Labor was conscripted, meaning that the French authorities would set quotas and require area chiefs to supply a certain number of men per year for work on the line. Pay and working conditions were abysmal. In the early years of the project, workers on the Brazzaville line, working between nine and twelve hours a day, six days a week, were paid one French franc per month. Though later, in the early 1930s, pay rose to around one hundred francs per month, this was still a tiny fraction of the pay of the European overseers, who made two or three thousand francs per month plus considerable additional benefits. Beyond the meager pay, the workers on the line were fed poorly and had extremely bleak living and health conditions. Because the Sara people were coming from far away, they were exposed to diseases that they had previously never encountered, which caused significant mortality among the people, adding to the already extremely dangerous work itself. Workers routinely died from industrial accidents with dynamite, landslides, and so on. As knowledge of the dire working conditions reached home, the Sara people's resistance to French recruitment regimes intensified. Chiefs' demands were met with hostility and even violence, and on several occasions a chief or his family was attacked and killed. Though the Sara had been known for being peaceful, the demands of the Brazzaville rail project had pushed them into active opposition to their local leadership and the colonial regime. Resisting recruits would be led to the worksites chained together.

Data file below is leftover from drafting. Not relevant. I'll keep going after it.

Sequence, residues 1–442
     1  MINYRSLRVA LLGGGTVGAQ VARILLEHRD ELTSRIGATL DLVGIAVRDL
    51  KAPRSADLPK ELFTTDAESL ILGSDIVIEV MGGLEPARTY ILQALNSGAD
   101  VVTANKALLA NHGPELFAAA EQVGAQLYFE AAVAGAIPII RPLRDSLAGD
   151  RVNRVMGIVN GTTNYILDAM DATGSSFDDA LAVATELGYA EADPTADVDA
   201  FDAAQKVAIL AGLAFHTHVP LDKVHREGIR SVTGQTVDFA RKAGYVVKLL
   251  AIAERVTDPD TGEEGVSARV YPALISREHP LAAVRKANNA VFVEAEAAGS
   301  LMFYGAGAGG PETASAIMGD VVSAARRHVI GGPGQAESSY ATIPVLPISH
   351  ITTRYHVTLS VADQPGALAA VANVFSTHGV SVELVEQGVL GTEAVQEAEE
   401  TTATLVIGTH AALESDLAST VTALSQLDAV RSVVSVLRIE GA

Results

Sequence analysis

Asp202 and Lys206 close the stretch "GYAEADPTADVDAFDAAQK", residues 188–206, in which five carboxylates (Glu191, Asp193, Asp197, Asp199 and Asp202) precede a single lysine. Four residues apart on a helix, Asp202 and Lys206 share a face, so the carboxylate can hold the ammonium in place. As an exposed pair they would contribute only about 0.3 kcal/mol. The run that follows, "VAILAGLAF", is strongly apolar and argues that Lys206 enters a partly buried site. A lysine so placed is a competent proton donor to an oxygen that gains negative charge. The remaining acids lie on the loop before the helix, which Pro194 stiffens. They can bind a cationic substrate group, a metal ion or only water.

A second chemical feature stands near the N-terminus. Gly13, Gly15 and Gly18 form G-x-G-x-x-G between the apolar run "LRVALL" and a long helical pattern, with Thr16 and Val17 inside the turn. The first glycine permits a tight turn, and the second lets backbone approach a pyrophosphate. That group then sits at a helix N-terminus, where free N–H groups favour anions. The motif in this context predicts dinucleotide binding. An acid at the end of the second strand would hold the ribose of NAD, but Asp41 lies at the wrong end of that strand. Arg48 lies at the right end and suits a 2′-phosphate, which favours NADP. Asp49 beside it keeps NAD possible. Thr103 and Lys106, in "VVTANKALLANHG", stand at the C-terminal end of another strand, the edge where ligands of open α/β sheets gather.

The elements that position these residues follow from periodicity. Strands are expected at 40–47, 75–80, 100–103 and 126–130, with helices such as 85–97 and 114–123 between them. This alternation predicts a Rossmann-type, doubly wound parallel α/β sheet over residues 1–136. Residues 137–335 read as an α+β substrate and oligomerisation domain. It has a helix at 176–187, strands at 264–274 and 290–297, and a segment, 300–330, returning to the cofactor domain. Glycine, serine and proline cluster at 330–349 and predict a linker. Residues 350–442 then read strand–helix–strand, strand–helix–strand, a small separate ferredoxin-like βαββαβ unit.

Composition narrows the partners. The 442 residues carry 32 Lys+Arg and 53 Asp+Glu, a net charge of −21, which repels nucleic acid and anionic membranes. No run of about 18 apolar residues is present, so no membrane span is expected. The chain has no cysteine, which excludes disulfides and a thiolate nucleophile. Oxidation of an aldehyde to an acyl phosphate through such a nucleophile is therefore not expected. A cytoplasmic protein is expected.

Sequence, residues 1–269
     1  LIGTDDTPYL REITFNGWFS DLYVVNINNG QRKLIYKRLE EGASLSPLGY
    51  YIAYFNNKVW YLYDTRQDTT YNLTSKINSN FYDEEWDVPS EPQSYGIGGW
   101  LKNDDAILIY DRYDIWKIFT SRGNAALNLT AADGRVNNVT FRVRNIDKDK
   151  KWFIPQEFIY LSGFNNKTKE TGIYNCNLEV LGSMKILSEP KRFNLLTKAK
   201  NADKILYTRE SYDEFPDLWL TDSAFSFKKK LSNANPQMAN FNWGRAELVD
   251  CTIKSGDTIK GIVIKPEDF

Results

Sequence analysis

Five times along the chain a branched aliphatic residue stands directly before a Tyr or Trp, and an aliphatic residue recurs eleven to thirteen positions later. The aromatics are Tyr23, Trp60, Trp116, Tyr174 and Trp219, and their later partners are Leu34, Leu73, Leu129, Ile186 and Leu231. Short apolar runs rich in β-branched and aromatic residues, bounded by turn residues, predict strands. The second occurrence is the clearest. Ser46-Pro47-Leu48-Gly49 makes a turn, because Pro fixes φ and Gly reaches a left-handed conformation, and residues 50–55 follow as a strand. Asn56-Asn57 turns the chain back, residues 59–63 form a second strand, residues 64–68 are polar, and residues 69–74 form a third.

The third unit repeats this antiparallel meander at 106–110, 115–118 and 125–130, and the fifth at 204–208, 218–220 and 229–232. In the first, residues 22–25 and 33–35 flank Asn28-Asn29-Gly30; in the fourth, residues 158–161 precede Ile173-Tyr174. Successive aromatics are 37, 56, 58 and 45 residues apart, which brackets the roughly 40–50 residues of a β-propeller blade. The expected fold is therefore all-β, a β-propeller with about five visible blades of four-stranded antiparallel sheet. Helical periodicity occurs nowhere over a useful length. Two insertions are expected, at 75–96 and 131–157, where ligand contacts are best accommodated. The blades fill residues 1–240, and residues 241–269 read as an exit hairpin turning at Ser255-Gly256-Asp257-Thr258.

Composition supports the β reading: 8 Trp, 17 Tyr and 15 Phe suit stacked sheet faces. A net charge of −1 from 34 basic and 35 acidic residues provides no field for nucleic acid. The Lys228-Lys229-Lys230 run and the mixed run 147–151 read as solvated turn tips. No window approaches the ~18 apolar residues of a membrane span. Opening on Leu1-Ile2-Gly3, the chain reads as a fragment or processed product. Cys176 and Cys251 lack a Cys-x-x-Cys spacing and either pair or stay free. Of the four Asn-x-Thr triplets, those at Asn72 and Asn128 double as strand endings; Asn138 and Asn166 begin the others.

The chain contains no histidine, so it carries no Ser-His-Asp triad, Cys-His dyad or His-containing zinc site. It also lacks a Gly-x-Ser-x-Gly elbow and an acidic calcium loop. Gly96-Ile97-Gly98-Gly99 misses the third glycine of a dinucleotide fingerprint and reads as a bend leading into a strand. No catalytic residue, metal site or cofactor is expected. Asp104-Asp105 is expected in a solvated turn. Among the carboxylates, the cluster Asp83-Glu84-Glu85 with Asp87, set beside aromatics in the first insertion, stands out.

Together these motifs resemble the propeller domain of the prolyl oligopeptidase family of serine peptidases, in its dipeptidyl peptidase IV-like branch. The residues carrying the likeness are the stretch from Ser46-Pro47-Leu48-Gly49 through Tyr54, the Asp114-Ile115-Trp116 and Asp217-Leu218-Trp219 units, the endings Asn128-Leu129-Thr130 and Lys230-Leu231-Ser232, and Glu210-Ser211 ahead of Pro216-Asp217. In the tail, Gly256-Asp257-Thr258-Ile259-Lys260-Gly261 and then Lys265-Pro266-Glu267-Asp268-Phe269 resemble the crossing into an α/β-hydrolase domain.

All told, around 120,000 Africans participated in this grueling labor project. While estimates vary, it is clear that tens of thousands of workers died in the course of the railroad’s construction between 1924 and 1934, perhaps up to fifty thousand people.
Could it be said that this tremendous human sacrifice was worth it? No. The Brazzaville line was conceived as a way to more efficiently exploit Congolese natural resources by the colonial power, the French (and to complete with the equally exploitative nearby Belgian railway). Since its completion, the railway has either continued operating for this purpose or has fallen into decay and disuse. Either way, the land and people of the Congo have gained little, unsurprising considering its roots were never planted with an eye toward benefiting the people there. The Brazzaville railroad stands as a shining example of the inherently exploitative nature of Western "investment" and "development" in colonial world, a story which continues today.